Music behind bars: exploring the role of music as a tool for rehabilitation and empowerment of offenders at Mthatha Medium Correctional Centre.

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dc.contributor.author Twani, Zoliswa
dc.date.accessioned 2012-04-10T07:16:48Z
dc.date.available 2012-04-10T07:16:48Z
dc.date.issued 2012-04-10
dc.identifier.uri http://hdl.handle.net/10539/11451
dc.description Ph.D., School of Music, Facultyof Humanities, University of the Witwatersrand, 2011 en_US
dc.description.abstract My interest in conducting this empirical research exploring music as a tool for rehabilitation and empowerment of prison offenders was sparked by my observation in 2002 of the problematic use of music at Mthatha Medium Correctional Centre (MMCC). Music activities were simply a microcosm of music activities outside prison, and despite the existence of the National Offenders Choir Competitions (NOCC) since 1997, neither offenders nor Department of Correctional Services (DCS) Officials seemed to regard participation in such activities as music education, let alone rehabilitative or empowering. In 2007 I conducted a one-year Participatory Action Research project of four cycles or stages, in the prison, intended to work towards developing and improving musical, self-reflexive, and other life skills. I then used Michel Foucault’s notion of ‘panopticism’ (1978) and Paulo Freire’s theory of ‘conscientização’ (1970) to intepret the music styles, practices, and performances developed during the project and their impact on those involved. Two central questions underpinning this study are, ‘To what extent do music activities subvert the watchfulness of the prison system and environment?’ and ‘How does music encourage offenders to transcend their prisoner status and reinvent their lives as musicians ‘behind bars’, better able to reintegrate into society as rehabilitated citizens?’ Through narrative enquiry and thematic content analysis I examine how the participants’ critical consciousness about music and about themselves was raised and the way in which the praxis (reflection and action) method had changed their lives. In the light of the results from this approach and context, I devised a set of recommendations for a music education curriculum for implementation in South African prisons, en_US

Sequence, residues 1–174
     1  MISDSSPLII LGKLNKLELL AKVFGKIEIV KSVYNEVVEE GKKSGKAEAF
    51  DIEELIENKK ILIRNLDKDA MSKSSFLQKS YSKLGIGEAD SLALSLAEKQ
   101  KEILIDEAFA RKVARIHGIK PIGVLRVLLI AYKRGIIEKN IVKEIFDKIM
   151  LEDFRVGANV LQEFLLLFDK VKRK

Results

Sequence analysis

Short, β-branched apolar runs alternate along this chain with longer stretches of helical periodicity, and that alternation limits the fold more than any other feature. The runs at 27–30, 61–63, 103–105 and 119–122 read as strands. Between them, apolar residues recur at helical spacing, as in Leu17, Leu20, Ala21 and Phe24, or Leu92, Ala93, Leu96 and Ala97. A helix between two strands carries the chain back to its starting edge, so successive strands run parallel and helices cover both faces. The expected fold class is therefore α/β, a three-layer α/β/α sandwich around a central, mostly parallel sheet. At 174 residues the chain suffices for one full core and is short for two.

dc.language.iso en en_US
dc.subject.lcsh Music therapy
dc.title Music behind bars: exploring the role of music as a tool for rehabilitation and empowerment of offenders at Mthatha Medium Correctional Centre. en_US
dc.type Thesis en_US


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